NO: The California Democratic Party opposes it. I can’t imagine anything the California Democratic Party opposes that I would not automatically be for. Except maybe this. This seems like a disaster in the making. It’s so fricken’ complicated and gives so much power—including tax power—to unelected bureaucrats, that I can’t see how this could possibly do anything but make things worse. The GOP is for it, but the California Federation of Republican Women and some TEA Party groups are against it. This one is just all over the map. Absent something clearer and less complicated, I’m saying "No". There’s a way to fix Sacramento, but this ain’t it.
PROP 32: POLITICAL CONTRIBUTIONS BY PAYROLL DEDUCTION. CONTRIBUTIONS TO CANDIDATES. INITIATIVE STATUTE.
Prohibits unions from using payroll-deducted funds for political purposes. Applies same use prohibition to payroll deductions, if any, by corporations or government contractors. Prohibits union and corporate contributions to candidates and their committees. Prohibits government contractor contributions to elected officers or their committees. Fiscal Impact: Increased costs to state and local government, potentially exceeding $1 million annually, to implement and enforce the measure’s requirements.
YES: This is a similar bill to the one that Gov. Scott Walker got passed in Wisconsin. The unions that currently own Sacramento HATE it. They can go screw.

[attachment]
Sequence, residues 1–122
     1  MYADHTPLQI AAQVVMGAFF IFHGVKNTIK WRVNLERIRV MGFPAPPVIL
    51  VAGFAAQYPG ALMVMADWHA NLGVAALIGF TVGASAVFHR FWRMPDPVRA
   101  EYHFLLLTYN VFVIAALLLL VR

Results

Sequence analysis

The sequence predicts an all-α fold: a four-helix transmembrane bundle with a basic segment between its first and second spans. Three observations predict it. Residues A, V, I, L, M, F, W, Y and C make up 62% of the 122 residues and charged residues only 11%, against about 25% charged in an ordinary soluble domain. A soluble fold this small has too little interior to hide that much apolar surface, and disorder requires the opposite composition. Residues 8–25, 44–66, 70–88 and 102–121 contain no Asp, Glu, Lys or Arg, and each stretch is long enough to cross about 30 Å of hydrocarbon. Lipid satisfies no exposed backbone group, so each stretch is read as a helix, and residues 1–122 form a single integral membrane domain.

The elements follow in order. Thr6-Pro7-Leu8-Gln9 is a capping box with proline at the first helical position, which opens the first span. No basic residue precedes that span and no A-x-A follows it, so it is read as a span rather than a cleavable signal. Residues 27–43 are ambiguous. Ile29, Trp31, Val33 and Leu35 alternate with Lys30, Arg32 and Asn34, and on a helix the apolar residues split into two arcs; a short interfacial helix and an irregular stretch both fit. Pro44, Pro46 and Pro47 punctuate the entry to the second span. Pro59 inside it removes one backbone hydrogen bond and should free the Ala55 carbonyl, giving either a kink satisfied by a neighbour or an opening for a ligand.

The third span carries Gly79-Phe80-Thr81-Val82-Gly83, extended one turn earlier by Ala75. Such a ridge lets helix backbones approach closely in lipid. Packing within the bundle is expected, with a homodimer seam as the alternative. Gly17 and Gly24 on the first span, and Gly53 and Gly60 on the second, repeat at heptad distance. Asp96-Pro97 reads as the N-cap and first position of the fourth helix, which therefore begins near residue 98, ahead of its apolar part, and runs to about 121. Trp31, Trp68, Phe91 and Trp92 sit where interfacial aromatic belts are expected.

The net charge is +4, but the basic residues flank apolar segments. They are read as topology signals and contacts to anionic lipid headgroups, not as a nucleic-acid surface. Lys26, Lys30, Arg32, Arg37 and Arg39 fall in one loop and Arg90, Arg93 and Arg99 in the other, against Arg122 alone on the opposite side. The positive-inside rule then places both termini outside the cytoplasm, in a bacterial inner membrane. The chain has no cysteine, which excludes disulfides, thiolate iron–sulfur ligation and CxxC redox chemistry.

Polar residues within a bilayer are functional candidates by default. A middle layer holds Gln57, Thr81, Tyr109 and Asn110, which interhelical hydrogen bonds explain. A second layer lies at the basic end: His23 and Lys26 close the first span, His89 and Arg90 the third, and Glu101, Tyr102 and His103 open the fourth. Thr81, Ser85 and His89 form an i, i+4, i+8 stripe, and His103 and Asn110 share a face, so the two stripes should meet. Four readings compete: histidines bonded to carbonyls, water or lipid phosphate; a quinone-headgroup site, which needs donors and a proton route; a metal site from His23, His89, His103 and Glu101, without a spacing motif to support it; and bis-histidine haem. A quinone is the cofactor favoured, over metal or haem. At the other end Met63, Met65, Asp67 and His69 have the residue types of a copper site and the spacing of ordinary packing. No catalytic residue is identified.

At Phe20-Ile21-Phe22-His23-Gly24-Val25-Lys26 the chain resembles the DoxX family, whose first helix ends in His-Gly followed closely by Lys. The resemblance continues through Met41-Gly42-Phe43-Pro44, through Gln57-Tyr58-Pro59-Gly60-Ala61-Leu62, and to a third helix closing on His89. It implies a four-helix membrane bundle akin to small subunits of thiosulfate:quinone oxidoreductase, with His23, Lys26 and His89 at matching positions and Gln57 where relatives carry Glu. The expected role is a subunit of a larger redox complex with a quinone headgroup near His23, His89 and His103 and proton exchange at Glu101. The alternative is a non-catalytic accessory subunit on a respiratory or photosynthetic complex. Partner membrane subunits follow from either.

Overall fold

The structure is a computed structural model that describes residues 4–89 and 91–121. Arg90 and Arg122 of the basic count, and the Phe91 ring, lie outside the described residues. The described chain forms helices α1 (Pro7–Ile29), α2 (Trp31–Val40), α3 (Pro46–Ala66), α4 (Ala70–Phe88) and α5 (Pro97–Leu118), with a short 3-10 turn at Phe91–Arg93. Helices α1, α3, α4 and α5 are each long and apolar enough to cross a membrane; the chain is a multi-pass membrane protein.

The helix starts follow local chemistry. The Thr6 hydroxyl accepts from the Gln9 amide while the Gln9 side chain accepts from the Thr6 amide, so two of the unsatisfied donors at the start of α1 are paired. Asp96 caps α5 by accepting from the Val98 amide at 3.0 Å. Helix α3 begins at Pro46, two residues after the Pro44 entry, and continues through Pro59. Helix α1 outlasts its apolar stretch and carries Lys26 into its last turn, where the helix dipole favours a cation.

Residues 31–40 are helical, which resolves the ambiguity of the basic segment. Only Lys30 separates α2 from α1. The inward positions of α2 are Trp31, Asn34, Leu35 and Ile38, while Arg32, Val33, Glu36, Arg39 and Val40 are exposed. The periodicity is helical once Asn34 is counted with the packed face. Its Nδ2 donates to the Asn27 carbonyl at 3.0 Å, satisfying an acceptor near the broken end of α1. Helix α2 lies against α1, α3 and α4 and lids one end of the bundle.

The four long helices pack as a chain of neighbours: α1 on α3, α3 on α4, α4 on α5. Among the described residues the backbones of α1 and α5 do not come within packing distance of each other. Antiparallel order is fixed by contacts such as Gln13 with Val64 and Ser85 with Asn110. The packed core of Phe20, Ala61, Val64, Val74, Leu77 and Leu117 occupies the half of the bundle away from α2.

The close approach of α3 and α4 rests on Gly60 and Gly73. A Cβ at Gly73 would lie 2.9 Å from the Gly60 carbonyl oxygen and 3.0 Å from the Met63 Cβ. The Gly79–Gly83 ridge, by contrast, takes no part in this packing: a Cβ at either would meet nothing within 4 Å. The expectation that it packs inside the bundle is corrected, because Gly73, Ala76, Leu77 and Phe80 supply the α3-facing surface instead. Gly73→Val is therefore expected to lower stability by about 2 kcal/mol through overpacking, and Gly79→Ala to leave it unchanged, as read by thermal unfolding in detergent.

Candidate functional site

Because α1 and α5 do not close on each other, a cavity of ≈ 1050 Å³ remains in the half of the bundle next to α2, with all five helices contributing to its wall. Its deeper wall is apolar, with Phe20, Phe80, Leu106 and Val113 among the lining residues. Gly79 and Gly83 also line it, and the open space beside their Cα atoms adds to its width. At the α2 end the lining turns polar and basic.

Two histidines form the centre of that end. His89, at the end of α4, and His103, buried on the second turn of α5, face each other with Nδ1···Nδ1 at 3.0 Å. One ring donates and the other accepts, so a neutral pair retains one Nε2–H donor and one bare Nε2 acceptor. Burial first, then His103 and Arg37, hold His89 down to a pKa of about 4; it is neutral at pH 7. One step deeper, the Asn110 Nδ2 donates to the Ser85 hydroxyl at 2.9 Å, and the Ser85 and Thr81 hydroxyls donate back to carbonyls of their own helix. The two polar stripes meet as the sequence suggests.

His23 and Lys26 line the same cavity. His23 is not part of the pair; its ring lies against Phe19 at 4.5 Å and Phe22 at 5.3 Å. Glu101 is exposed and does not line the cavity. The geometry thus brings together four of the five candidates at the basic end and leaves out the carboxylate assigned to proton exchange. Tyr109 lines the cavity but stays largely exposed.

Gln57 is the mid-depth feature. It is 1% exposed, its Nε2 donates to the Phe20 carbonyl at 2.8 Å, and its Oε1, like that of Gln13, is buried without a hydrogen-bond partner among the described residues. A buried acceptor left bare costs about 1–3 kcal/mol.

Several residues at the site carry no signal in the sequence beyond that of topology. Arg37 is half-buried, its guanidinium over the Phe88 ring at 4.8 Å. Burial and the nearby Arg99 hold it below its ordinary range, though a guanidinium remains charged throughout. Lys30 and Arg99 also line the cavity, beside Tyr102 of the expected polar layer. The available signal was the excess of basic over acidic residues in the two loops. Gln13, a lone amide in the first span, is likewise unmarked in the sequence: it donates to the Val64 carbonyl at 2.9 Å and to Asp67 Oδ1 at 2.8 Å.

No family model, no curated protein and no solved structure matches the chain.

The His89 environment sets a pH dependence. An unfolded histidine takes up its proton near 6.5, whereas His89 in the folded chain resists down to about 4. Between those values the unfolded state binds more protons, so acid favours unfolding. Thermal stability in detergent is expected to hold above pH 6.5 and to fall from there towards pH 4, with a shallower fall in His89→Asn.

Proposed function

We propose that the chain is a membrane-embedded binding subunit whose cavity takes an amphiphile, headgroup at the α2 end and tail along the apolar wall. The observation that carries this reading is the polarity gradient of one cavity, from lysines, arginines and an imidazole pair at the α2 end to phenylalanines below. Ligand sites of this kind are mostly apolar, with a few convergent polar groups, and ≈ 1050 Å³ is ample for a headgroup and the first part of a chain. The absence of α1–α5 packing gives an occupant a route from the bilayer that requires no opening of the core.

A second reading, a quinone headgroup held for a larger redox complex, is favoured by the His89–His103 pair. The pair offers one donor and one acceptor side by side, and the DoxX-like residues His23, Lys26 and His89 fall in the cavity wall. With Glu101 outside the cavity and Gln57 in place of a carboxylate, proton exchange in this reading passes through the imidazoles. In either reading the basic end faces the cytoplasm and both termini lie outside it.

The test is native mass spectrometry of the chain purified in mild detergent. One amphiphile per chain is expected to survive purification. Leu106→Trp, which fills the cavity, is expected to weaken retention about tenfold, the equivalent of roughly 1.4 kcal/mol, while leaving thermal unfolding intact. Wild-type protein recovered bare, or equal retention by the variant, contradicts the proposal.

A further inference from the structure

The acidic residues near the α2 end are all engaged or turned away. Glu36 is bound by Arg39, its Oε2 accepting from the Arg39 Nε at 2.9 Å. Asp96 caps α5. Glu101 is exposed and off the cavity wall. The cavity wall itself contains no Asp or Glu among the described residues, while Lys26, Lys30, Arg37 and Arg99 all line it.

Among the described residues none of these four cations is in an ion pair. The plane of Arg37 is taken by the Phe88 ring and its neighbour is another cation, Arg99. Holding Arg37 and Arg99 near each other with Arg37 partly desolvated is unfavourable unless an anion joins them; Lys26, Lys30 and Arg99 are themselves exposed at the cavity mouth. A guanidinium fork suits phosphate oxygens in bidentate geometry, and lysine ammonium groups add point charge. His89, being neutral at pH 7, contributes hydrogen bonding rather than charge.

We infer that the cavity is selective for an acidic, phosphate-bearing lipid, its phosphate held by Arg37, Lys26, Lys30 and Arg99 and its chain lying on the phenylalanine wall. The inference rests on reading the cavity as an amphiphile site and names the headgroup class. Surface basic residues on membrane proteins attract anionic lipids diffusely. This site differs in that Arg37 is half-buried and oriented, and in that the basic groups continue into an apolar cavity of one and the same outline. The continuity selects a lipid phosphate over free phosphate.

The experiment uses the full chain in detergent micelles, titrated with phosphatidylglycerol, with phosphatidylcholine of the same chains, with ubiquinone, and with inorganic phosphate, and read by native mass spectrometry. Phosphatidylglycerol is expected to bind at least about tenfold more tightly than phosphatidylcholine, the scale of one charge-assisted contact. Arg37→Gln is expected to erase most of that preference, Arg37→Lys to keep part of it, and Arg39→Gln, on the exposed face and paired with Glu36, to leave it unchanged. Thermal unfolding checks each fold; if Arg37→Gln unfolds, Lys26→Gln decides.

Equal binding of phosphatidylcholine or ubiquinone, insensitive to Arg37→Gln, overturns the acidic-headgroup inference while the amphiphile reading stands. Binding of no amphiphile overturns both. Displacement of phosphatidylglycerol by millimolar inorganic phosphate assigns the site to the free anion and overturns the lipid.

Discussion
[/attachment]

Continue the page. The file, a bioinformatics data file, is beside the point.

PROP 33: AUTO INSURANCE COMPANIES. PRICES BASED ON DRIVER’S HISTORY OF INSURANCE COVERAGE. INITIATIVE STATUTE.
Changes current law to allow insurance companies to set prices based on whether the driver previously carried auto insurance with any insurance company. Allows proportional discount for drivers with some prior coverage. Allows increased cost for drivers without history of continuous coverage. Fiscal Impact: Probably no significant fiscal effect on state insurance premium tax revenues.
YES: Right now, if you have auto insurance, and you switch companies, your new company can’t offer you a discount for being continuously covered. Now, this could mean that if you voluntarily stop driving for a while, your new rates won’t be discounted. The opponents act like this is a Big Deal, and the Democrats shriek in horror at the very idea. I, on the other hand, would like to be able to switch companies without having a big premium increase.
PROP 34: DEATH PENALTY. INITIATIVE STATUTE.
Repeals death penalty and replaces it with life imprisonment without possibility of parole. Applies retroactively to existing death sentences. Directs $100 million to law enforcement agencies for investigations of homicide and rape cases. Fiscal Impact: Ongoing state and county criminal justice savings of about $130 million annually within a few years, which could vary by tens of millions of dollars. One-time state costs of $100 million for local law enforcement grants.
YES: I don’t have any philosophical problem with the death penalty. Some people need killin’. On the other hand, I have no great respect for the system of criminal justice here in California, either. For whatever reason, we just don’t have a very good system for ensuring that the only people we execute are people who actually need killin’. Until we do, we probably shouldn’t be killing anybody.